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A man carries a boy on his shoulders during a protest in front of the Nikola Tesla Museum in Belgrade, Serbia, Saturday, March 8, 2014. Several hundred people are joining the dispute between the Serbian Orthodox Church and Serbia’s nationalist authorities because of a bid to move the remains of visionary scientist Nikola Tesla from the Tesla Museum to a church in Belgrade. Famed Serbian scientific pioneer in electricity, radio and x-rays, died in 1943. (AP Photo/ Marko Drobnjakovic)
Serbs decry plans to move Tesla’s ashes to church
First Published Mar 08 2014 04:32 pm • Last Updated Mar 08 2014 05:30 pm

Belgrade, Serbia • Hundreds of Serbs rallied Saturday against plans by the Serbian Orthodox Church and nationalist leaders to move the ashes of scientist and engineer Nikola Tesla from his museum in Belgrade to the country’s biggest church.

Hefting banners that read "Leave Tesla alone!" the protesters blocked traffic in front of the museum, where the urn bearing Tesla’s remains has been on display for six decades. The protesters, among them many scientists, want his ashes to stay put.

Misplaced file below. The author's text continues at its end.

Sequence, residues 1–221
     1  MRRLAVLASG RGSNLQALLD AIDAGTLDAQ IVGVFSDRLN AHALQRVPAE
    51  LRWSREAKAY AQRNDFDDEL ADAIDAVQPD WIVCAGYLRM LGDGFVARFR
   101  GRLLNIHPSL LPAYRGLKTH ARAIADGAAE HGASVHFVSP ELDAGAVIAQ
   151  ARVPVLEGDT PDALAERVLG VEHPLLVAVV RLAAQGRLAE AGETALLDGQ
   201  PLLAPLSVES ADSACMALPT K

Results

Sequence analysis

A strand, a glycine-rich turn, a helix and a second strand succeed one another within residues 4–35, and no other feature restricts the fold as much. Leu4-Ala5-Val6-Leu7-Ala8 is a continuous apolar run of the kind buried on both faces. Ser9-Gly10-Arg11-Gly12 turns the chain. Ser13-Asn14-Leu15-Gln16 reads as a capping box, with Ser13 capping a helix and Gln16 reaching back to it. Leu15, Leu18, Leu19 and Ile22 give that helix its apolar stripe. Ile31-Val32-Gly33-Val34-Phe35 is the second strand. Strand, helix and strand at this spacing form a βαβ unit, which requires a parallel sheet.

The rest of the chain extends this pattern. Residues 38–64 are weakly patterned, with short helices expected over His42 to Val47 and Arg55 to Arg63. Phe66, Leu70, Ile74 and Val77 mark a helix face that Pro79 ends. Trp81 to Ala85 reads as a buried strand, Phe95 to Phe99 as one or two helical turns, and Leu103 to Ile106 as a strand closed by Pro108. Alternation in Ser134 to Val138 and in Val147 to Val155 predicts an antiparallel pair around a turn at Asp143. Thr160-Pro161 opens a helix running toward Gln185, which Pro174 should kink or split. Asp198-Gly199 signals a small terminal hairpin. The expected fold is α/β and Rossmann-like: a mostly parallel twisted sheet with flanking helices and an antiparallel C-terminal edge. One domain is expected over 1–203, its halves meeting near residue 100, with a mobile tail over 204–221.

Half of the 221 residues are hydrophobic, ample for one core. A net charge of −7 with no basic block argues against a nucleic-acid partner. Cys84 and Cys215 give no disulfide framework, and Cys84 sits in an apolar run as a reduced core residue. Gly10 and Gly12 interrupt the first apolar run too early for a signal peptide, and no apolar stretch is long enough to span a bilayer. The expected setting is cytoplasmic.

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"Tesla is not a saint to be buried in a church. He was a scientist," said pensioner Boro Sikimic.

"Tesla does not belong only to us, he belongs to the entire world," said Ana Jovanovic, an art historian.

Tesla, an ethnic Serb born in Croatia, was a pioneer in electricity, wireless communication, radio and X-ray technology in rivalry with Thomas Edison. Tesla died in New York in 1943.

Serbia and Croatia have sought to claim Tesla as their own, although the scientist spent most of his life in the United States. In line with Tesla’s wishes, his personal belongings, documents and urn were transferred from New York to Belgrade in 1951 for housing in a new museum honoring his life’s work.

Church and nationalist authorities want Tesla’s ashes moved to the St. Sava Temple in Belgrade and interred, not kept on display. They have insisted the remains should be properly buried with national honors.

Organizers said during Saturday’s protest they would challenge in court any attempt to move the urn.

"We have a message for the politicians: Be careful what you are doing!" physicist Milovan Suvakov told the crowd.




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